When Jacqueline aka JQueen of Mumbai rap group Wild Wild Women (WWW) asked her crew to play at her sister’s wedding, she never expected the gig would become one of their defining performances. Not just that, it would remind them why they came together in the first place and bring them closer than ever.
The women found themselves on stage in front of a thousand of Jacqueline’s extended family and others mostly unfamiliar with rap, let alone any idea of WWW. However, they were left grooving and snapping their fingers. Following the performance, JQueen’s mother, a woman of a few words, kissed each member on the cheek.
They have similarly won over listeners with their blend of candid yet empowering verses, earning co-signs from fellow rappers like Tienas, who was a collaborator on their debut 2021 cypher, ‘I Do It For Hip Hop’. And now, WWW have announced they are here to stay with the bright and commanding ‘Game Flip’, which tackles glass ceilings in rap and elsewhere.
“It challenges people who say they don’t believe women can be completely independent, have their own views, skills, and work in equal capacity as any humans would, gender aside,” said the artists in a statement. Crafted by Pratika who doubles as a bass player, the infectious ‘Game Flip’ instrumental blends elements of breakbeat, funk, and afro percussion, bucking the “typical trap, pop, or old-school sound” they had grown tired of hearing.
Along with the variety in background, styles, flows and skills helmed by WWW, they also represent a diverse range of languages between the five of them—spanning Tamil, English, Marathi, and Hindi bars.
Doing so allows them to reach a wider set of listeners, but also helps re-contextualize rap as a genre that can be Indian for the uninitiated. It’s also about balancing the natural instinct to emote in their mother tongues along with the skills they’ve developed as an emcee.
The rap outfit now also has a streamlined lineup, following the exit of Demyth—leaving five rappers (founders Krantinaari, Pratika, JQueen, MC Mahila, and Hashtagpretty). “What matters is that the platform helped someone get noticed. WWW is about building a community, even if that means everyone doesn’t stay with us forever,” they add.
The crew made use of the pandemic closures to streamline their operations, forge their relationships, and get on the same page. Nearly all members balance their roles in WWW with full-time jobs or college coursework.
“We are in total eight people, including two dancers and a graffiti artist. For all of us to meld our schedules and make time to meet on a particular day, it’s not like a band who just books a jam room, and they’re good to go. We are from verydifferent walks of life, with different artistic practices, and different viewpoints,” they explain.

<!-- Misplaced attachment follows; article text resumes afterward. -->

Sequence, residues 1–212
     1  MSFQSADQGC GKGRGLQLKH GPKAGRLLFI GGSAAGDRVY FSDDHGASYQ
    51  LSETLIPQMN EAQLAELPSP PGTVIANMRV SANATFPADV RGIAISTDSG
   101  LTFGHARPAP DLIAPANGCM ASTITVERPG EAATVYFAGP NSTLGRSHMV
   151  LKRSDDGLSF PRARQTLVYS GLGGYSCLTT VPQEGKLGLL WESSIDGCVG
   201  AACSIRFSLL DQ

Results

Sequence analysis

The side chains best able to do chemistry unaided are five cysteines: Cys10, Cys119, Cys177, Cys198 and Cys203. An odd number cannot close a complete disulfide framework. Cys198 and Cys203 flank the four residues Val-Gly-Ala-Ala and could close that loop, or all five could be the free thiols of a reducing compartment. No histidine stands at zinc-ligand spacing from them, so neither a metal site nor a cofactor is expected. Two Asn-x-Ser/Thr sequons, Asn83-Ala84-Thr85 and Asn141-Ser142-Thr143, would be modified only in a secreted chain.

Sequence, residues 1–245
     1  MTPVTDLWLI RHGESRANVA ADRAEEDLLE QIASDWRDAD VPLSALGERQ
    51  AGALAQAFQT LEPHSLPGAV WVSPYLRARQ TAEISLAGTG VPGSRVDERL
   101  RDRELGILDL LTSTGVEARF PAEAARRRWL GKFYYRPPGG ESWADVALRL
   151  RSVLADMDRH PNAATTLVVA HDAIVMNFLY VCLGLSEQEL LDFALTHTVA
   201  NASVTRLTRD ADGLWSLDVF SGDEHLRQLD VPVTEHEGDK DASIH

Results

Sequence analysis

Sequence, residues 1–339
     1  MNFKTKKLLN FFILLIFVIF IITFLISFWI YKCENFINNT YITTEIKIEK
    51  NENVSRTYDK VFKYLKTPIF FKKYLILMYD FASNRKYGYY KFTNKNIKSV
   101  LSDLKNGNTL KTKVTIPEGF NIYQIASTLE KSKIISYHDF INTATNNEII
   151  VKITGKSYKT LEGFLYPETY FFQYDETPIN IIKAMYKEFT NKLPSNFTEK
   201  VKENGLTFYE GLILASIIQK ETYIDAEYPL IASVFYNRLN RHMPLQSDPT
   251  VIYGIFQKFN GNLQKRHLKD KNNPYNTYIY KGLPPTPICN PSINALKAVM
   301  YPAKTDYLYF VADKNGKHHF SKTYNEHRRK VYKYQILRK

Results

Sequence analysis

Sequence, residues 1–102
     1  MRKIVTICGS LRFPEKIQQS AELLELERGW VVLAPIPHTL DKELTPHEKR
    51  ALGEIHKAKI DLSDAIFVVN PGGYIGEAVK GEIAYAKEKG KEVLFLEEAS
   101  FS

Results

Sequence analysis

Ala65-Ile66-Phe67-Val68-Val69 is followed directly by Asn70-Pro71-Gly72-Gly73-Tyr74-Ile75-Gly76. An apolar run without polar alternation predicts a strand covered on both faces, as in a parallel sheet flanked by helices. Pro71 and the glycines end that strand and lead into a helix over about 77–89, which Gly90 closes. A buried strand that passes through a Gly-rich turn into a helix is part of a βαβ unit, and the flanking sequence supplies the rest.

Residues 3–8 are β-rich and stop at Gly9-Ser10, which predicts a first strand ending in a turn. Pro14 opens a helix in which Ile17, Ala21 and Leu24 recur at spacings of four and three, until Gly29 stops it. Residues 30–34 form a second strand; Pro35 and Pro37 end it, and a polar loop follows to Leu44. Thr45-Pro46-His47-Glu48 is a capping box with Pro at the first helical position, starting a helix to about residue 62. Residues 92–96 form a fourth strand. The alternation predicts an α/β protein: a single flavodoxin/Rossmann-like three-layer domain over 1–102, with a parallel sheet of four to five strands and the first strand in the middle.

Over the past year, WWW have developed a DIY system to manage their work outside of writing rap verses. Though it wasn’t intentional, they handle logistical and other miscellaneous pre-production tasks like scouting locations, wardrobe, project management, design, and more between themselves.
“We just happened to be able to manage everything among ourselves. This gives us more creative freedom to trash or encourage certain ideas, improves our skills in areas outside of music, and helps us bond,” says Krantinaari.
Beyond artistic and creative cross-pollination, they found comfort in each other–sparking a unique collaborative equation they say would be unimaginable with male counterparts.
“Before WWW, all of us were always working with guys, and getting guidance from them. And somewhere that determined our abilities and the limits of what was possible. But now, all those boundaries have been broken,” says Hashtagpretty.
And this understanding extends into other areas, beyond music. They value each other’s company, even when the conversation is not centred around songwriting or music—or even if there’s no conversation at all. “There are random moments where everyone’s eyes get watery. Like, looking at Preeti (Hashtagpretty) I’ve learned how to be comfortable in my body,” adds Jacqueline.
“We are more than just a crew, we’re an extension of each other’s lives,” says Pratika.
MC Mahila recalls going from a shy young woman to a confident and outspoken artist after the release of ‘I Do It For Hip Hop’. Seeing the neighbourhood praise her music allowed her father to witness first-hand how rewarding his daughter’s pursuit of music could be, and in turn, be more forgiving when it came to curfews and restrictions.
WWW promise more collaborations in the pipeline with each other and others from the industry. Other initiatives include partnering with menstrual health non-profit Project Baala for a sustainable sanitary napkin distribution and awareness drive around Mumbai.
“There are many curious girls who message us asking how we do it. We can feel the potential of how limitless this is. There is so much we can do not just for each other, but the women in the country and in the world,” they add.
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